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Resources Oct 20, 2015

Froh: U.S. U-17s still alive, but just barely after 2-2 World Cup draw with Croatia

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The day before the U.S. U-17 Men’s National Team kicked off the 2015 FIFA U-17 World Cup in Chile, U-17 head coach Richie Williams demurred when asked if his team’s performance in this tournament was a referendum on his time as coach.

“No,” Williams said flatly. “I mean, we qualified this time around.”

Qualification is one thing, but through their first two games in the tournament, the U.S. have struggled mightily against opponents Nigeria and Croatia.

+READ: U.S. U-17s: Hugo Perez, the 98-99 crop and a legacy on the line at U-17 World Cup in Chile

While a 2-2 draw against the latter on Tuesday may lift some spirits, it certainly came in one of the worst ways imaginable as the U-17s failed to hold on to a 2-0 lead going into halftime and nearly conceded the winner in the final seconds as Croatia twice hit the crossbar.

It was a roll of the dice from Williams, who finally started the two central midfielders who had been paired together for most of the summer, Christian Pulisic and Luca de la Torre. And for several minutes in the first half the pair worked together brilliantly.

Through the first 20 minutes of the match, de la Torre was brilliant, spraying brilliant passes across the attacking third and helping the U.S. get numbers forward in dangerous areas.

All of that brilliant work paid off in the 20th minute, when de la Torre persisted after a Croatian defender, who failed to clear de la Torre’s misplayed touch, and sent the ball right to the feet of Pulisic. Pulisic then calmly slid the ball past Croatian goalkeeper Adrian Šemper.

A 36th-minute miss by U.S. forward Brandon Vazquez after brilliant work from de la Torre and Pulisic to set it up called to mind two early misses against Nigeria. However, Vazquez made up for the error just four minutes later when he headed home a lovely right-sided cross from Pulisic, who for the first 45 minutes terrorized the Croatian defenders with his movement and passing.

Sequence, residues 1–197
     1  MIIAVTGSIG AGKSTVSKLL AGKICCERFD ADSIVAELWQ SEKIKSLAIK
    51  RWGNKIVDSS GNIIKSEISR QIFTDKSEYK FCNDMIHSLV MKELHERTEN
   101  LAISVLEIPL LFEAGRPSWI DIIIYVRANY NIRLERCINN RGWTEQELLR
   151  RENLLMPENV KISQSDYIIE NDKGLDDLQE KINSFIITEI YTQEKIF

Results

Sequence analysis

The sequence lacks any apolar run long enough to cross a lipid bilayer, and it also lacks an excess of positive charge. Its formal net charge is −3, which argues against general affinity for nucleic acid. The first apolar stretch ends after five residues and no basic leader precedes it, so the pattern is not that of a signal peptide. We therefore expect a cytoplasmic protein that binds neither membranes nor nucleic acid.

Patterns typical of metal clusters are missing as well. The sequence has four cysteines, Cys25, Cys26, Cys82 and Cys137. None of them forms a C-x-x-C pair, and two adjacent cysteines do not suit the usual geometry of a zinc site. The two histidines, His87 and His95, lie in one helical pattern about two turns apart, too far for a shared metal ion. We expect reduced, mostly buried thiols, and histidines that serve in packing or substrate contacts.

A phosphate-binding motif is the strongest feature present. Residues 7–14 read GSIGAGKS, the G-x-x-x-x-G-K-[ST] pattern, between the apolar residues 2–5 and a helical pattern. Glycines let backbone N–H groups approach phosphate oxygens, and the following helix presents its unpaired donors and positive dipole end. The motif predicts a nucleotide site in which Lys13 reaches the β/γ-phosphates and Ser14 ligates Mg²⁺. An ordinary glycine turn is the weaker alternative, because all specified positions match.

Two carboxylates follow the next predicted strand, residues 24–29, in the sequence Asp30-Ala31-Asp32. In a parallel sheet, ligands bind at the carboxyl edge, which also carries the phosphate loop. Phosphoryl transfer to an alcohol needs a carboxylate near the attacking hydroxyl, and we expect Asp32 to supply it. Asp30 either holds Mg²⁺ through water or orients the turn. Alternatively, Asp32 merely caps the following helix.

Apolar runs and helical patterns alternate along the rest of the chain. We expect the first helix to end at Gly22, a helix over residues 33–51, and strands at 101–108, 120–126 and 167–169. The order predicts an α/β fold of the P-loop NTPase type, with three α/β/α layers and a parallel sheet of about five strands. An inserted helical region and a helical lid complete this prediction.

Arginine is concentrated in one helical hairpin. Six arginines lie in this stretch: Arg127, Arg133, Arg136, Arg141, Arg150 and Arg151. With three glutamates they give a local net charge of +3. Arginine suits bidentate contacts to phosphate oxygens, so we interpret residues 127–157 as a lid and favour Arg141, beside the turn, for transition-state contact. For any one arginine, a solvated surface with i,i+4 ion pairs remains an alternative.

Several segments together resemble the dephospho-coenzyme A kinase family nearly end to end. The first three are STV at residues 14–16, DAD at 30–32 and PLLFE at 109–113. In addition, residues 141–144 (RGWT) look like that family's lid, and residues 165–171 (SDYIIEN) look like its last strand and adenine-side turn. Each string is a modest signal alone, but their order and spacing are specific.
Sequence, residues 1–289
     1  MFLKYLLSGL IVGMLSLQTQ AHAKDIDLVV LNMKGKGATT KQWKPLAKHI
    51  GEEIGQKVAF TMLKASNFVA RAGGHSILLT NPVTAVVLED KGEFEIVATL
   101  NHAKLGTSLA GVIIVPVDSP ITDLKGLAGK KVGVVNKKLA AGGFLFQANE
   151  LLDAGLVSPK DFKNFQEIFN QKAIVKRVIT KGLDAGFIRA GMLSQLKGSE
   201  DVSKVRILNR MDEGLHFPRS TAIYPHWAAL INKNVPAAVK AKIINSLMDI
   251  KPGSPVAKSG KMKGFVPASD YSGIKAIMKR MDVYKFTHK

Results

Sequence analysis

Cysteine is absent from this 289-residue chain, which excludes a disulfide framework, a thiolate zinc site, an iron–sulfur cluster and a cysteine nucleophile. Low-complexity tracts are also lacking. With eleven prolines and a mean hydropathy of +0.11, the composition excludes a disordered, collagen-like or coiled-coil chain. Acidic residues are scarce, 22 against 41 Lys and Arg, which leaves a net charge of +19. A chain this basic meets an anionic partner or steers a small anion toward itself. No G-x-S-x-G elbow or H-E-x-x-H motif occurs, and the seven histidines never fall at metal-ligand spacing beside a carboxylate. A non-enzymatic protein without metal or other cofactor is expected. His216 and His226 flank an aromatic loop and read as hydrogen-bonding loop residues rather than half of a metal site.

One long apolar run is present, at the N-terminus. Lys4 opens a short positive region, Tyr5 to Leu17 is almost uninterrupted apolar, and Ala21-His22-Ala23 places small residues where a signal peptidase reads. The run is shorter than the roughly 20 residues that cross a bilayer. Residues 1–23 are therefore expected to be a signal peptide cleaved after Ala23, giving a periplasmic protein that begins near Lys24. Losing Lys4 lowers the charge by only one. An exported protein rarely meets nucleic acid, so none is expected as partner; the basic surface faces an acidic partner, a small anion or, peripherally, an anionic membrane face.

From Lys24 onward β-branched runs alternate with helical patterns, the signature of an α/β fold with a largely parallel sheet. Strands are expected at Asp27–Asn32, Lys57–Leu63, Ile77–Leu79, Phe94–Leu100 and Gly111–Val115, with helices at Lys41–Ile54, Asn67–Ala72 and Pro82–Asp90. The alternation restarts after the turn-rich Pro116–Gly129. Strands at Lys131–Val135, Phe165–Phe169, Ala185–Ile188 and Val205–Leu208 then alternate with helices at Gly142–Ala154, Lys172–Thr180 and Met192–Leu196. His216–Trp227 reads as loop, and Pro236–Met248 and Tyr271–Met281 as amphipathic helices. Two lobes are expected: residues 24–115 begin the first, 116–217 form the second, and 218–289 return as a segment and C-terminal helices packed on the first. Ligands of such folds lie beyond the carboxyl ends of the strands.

The second half, however, proved another story entirely. From almost the opening whistle, the U.S. played on its back foot, defending deeper and deeper and inviting wave after wave of Croatian attacks.

Croatia’s constant pressure was rewarded in the 65th minute when a defensive break down and a missed clearance from Hugo Arellano resulted in an easy finish for Croatia’s Karlo Majić.

Before the match, Williams inserted nominal defensive midfielder Tyler Adams into the starting line-up as a right fullback. While Adams grew up playing as a defender, he’s spent the past several years – including the time he’s spent with New York Red Bulls II as a professional – as a defensive midfielder. That Williams threw Adams into the lineup as a right back came as a surprise.

+READ: Red Bulls Academy product Tyler Adams ready to lead U.S. U-17s on rugged World Cup mission

What was no surprise, however, was that Adams would struggle in the new role. Croatia persistently attacked his side of the field in the first half and did not let up in the second. Those efforts resulted in the defensive breakdown that led to Croatia’s game-tying goal in the 77th minute.

On that play, Croatia’s Josip Brekalo slipped right past two U.S. defenders, including Adams, and sent a low pass to his teammate Luka Ivanusec, who slipped right by two U.S. players and finished the pass by U.S. goalkeeper William Pulisic.

Croatia thoroughly outplayed the U.S. in every facet of the game in the second half, outshooting the Americans 18-1 (and outshooting the U.S. overall by an astounding 29-6, with six of those shots on target) and never once taking their foot off of the pedal.

The result should cause concern among Williams and the rest of his technical staff. His U-17 team had no answers for Croatia’s persistent attacks in the second-half and was unable to string together possession for any stretch of time in that period. Had it not been for the timely intervention of the crossbar, the U-17s would have lost the match.

Still, the draw does salvage some hope for the U-17s, who could book their ticket to the knockout round with a win over hosts Chile and a fortuitous result in the final group match between Nigeria and Croatia.

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